Research comparing SE and TT tends to analyze the differences between both models on the motor and cognitive domains (e.g., physical activity, content knowledge, and technical and game performance), and its impact on the development of personal and social skills [50]. In this respect, comparisons between SE and TT have focused more on the constructs of autonomy (e.g., [51]), motivation (e.g., [52]), and enjoyment (e.g., [53]), all of which show superior results when students experience a season of SE. In essence then, the teaching styles of SE tend to be particularly autonomy supportive [54,55,56], while those adopted in the comparison TT conditions reflect more closely to controlling styles.
To the best of our knowledge, the impact of a SE season and a more traditional unit in developing student´s empowerment and self-confidence has not been directly measured or compared in previous research. Rather, they are part of a set of outputs obtained through the perceptions of students or teachers about the instructional models (e.g., [46,47,49]).
Furthermore, most of the comparative studies between TT and SE, as well as studies focusing on the personal and social skills within SE reported in the literature, have involved experienced teachers as the instructors [37,57]. Recognizing that research indicates that preservice teachers (PSTs) points out some difficulties in applying different teaching models [58,59], it is relevant to develop studies with PSTs that gives them training experiences likely to challenge them to use different pedagogies and fill possible gaps, both in content knowledge and in pedagogy strategies. Consequently, it sets the stage for PSTs’ ability and motivation to implement different teaching models in the future [60].
For specific learning outcomes, optimal learning environments need to be designed [22]. There is still a lack of controlled comparisons between TT and SE in promoting empowerment and self-confidence as personal and core learning outcomes, and still more involving PSTs. It is an opportunity to challenge PSTs and to inform the physical education teacher education (PETE) programs, seeking to optimize the process of learning to teach PE [61,62]. The use of classes taught by PSTs allows knowing whether PSTs are using each teaching approach appropriately, and understanding if their students perceive any differences between teaching approaches.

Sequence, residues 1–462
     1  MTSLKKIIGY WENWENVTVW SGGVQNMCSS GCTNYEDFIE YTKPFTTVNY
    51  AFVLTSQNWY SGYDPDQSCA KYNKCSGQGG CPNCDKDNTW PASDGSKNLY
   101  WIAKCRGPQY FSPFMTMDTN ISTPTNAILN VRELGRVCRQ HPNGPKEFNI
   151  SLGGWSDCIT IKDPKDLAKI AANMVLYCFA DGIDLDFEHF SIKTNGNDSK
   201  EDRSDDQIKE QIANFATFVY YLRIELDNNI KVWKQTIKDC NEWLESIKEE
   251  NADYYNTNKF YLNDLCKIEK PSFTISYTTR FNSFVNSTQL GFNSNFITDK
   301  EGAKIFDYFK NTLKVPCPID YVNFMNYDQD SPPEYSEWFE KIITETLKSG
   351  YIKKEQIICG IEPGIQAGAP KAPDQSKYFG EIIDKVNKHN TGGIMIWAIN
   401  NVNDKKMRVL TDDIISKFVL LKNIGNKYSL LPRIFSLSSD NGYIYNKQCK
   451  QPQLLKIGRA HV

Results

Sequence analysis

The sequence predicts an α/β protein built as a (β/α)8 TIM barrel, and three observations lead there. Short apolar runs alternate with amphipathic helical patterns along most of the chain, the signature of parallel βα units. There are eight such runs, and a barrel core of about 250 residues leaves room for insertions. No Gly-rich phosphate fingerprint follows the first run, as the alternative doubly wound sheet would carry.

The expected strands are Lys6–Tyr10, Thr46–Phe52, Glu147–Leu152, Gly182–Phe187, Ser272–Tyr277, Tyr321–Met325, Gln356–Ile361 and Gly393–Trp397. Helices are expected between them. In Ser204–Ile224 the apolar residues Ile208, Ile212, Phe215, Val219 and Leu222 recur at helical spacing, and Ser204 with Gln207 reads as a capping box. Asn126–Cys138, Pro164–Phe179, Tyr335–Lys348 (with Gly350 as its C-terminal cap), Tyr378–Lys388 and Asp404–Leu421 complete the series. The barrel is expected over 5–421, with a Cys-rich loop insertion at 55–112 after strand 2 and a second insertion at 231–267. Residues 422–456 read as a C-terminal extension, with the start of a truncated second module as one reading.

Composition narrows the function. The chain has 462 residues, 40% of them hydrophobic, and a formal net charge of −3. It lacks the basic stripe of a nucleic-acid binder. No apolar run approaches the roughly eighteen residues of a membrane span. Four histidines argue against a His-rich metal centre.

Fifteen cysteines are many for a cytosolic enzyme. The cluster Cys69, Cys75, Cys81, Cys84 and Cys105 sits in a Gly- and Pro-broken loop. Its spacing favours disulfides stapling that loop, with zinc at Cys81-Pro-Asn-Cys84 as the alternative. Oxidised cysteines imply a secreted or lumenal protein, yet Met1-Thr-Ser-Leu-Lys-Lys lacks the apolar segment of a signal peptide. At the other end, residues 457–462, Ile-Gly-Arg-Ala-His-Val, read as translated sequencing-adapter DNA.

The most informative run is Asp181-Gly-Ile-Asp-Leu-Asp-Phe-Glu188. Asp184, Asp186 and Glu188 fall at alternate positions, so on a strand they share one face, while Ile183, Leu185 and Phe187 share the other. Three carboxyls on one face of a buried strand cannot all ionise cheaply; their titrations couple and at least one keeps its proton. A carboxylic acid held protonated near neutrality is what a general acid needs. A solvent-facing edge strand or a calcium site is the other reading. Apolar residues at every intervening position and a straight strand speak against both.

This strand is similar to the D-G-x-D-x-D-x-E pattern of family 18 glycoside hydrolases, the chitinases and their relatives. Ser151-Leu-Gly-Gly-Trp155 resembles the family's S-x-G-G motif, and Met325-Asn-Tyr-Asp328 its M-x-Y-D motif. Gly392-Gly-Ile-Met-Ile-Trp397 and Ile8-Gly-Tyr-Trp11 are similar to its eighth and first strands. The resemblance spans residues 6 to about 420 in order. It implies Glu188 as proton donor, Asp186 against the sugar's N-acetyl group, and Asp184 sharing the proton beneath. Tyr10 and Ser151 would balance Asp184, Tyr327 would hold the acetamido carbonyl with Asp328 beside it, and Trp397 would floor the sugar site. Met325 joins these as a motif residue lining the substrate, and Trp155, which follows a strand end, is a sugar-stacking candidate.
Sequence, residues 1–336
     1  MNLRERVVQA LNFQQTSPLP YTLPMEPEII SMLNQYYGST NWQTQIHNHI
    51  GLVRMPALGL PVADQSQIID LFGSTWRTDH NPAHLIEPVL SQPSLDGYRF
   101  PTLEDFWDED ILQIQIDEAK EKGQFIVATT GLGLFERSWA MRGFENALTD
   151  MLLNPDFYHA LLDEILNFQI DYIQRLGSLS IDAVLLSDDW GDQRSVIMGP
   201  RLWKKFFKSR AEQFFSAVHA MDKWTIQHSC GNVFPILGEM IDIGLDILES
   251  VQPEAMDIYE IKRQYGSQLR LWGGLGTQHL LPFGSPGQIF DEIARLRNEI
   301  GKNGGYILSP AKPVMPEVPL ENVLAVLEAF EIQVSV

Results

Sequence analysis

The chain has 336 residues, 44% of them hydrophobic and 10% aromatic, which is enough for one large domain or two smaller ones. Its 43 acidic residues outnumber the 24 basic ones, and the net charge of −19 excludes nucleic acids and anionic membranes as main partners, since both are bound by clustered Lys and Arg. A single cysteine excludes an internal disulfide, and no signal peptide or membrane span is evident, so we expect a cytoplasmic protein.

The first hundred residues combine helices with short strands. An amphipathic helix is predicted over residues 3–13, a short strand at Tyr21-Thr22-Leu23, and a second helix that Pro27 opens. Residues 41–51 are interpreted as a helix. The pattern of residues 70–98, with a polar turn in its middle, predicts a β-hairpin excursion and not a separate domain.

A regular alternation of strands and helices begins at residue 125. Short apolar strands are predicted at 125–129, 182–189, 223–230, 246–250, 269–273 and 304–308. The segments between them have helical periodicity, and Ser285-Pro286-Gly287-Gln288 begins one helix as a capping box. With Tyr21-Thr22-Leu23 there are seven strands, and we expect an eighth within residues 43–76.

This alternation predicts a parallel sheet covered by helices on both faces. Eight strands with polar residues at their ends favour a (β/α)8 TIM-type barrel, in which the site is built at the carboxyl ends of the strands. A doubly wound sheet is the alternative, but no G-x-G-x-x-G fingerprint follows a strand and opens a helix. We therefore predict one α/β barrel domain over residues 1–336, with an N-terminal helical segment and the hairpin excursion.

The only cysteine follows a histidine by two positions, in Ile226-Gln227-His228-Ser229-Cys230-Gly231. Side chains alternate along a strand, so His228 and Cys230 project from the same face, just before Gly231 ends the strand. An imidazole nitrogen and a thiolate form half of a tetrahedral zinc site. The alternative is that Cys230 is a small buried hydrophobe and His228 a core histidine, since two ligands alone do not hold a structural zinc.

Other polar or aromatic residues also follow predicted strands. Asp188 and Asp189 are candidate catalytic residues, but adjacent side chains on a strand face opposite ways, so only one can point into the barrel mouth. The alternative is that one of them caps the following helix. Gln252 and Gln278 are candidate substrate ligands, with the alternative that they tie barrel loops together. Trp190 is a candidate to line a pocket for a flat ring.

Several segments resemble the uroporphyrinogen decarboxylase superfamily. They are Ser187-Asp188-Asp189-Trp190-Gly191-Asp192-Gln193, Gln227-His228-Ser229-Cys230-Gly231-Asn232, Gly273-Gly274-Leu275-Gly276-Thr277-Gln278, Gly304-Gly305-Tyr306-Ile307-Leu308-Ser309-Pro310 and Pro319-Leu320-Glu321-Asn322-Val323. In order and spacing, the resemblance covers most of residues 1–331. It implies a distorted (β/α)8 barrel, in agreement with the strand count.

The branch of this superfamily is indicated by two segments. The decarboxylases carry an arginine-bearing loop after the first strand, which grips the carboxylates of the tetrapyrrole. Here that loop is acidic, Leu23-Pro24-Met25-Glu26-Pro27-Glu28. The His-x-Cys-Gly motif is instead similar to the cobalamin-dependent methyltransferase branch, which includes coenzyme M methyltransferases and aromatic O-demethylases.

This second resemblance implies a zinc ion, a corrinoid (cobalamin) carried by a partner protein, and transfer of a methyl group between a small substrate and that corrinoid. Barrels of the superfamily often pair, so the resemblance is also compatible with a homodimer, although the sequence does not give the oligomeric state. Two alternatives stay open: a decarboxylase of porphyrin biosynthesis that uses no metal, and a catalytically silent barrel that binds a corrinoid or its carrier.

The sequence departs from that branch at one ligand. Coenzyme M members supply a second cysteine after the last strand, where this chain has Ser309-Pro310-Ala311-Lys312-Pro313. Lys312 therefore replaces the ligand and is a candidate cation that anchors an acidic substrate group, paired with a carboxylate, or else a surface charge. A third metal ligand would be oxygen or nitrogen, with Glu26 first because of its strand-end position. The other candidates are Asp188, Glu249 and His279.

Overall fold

Furthermore, research on this topic allows the dissemination of relevant data that shows the strengths of different approaches to the development of students’ engagement and responsibility. Indeed, this study may contribute to overcoming potential barriers to the implementation of different PE teaching approaches, such as resistance within some PE departments or in-service teachers’ own beliefs and habits [63].
Aligned with the aforementioned, this study aimed to examine the effects of the two different teaching approaches (TT or SE), on students’ empowerment and self-confidence, in high school PE classes. It was hypothesized that students´ empowerment and self-confidence would be significantly greater following SE than TT (Hypothesis 1). Furthermore, it was hypothesized that students’ empowerment and self-confidence would significantly improve only for those in the SE classes (Hypothesis 2), with no such improvements within classes taught using the TT (Hypothesis 3).